I took the heading pic on a short trek in California, around the Santa Monica Mountains in the summer of 2015. I always get slightly euphoric doing wilderness stuff in the US, even though on this occasion we weren’t that far from LA and Malibu (which we could see in the distance, most of the time). However, you don’t often come across signs like this in the UK; the most aggressive animal you’ll see is a badger, or maybe a really, really annoyed squirrel.
While I wasn’t in an airsoft mindset at the time, it’s amazing how these little things influence me in a big way…
It may not be entirely apparent, but I ended up lending that desert ‘diamondback’ look to my mags; also replicating the bleached-out environment of the SaMo Mountains with my palette and a bit of weathering.
My initial intention was to clean all the shitty paint off my mags. They were covered in a pretty much unworn colour scheme which seemed like a good idea at the time, but two years hence I really did not like.
Thanks to Andy of Tactical Optician, who I was texting at the time, I relearned a few techniques he’d enlightened me with a few years back. One of which – important to this project – was acetone-free nail polish remover and green pan scourer.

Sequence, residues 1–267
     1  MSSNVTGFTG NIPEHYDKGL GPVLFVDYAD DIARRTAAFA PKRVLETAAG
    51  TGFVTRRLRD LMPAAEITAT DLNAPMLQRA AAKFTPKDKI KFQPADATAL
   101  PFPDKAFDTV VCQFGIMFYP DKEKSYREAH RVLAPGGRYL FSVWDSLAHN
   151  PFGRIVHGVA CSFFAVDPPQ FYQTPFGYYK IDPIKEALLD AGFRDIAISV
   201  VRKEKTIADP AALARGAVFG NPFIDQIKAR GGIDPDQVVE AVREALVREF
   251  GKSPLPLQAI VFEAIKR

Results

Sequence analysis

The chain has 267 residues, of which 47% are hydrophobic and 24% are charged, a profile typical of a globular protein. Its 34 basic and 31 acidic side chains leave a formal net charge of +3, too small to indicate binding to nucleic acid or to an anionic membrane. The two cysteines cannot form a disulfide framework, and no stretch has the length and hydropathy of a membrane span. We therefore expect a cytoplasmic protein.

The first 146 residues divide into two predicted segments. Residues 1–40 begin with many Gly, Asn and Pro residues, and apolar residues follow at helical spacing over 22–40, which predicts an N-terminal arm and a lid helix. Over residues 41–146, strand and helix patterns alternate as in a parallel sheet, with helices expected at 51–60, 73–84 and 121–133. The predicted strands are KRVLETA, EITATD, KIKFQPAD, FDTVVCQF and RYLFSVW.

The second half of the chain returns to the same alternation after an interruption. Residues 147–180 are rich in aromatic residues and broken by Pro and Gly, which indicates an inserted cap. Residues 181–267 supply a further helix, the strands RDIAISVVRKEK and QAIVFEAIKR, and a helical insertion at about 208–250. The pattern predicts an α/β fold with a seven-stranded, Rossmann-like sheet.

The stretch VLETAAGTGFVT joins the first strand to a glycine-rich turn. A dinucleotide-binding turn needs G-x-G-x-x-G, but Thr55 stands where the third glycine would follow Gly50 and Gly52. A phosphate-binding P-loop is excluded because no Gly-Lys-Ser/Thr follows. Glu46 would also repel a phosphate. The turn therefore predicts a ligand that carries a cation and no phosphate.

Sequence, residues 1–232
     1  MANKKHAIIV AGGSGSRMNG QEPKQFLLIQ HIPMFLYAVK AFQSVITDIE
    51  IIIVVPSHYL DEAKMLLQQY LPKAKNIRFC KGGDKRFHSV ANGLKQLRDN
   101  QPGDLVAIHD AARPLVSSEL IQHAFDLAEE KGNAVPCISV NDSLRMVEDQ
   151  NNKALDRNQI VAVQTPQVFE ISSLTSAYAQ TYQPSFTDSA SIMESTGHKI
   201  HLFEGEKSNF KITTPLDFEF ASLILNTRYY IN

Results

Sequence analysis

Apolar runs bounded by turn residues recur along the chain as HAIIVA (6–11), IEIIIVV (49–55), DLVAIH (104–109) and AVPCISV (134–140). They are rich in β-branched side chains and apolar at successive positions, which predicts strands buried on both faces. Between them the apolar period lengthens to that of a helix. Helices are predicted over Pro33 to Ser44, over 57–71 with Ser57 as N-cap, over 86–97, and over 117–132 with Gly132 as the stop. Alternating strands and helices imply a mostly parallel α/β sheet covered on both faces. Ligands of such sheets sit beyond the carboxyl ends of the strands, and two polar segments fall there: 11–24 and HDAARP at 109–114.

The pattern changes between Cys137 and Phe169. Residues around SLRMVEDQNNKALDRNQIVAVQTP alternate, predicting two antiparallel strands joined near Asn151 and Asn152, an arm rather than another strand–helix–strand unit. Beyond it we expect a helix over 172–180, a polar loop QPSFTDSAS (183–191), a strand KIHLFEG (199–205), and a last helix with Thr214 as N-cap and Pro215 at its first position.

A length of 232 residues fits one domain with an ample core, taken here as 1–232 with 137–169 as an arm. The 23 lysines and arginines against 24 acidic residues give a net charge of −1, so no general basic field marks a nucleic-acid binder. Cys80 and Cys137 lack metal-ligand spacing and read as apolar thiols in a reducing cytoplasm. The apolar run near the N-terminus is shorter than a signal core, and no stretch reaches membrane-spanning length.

This is how things ended up:
I got the effect from a mixture of rubbing down the existing paint job with the solvent and scouring pad, along with a few over-sprays to get some angles in.
For me, the trick with painting or distressing is knowing when to stop. Less is nearly always more and I try not to get things too even or perfect.
These mags will be sent off to Tackleberry this week for an upgrade. He’s doing his Pmags slightly differently now, with more float. I think I’m right in saying that mine were from the first generation he made and I remember testing one of the prototypes. Must have been around 2010 and they’ve served me very well indeed (and saved my back).
Can’t wait for their return, post-enhancement; although they continue to feed perfectly and never need rodding anymore.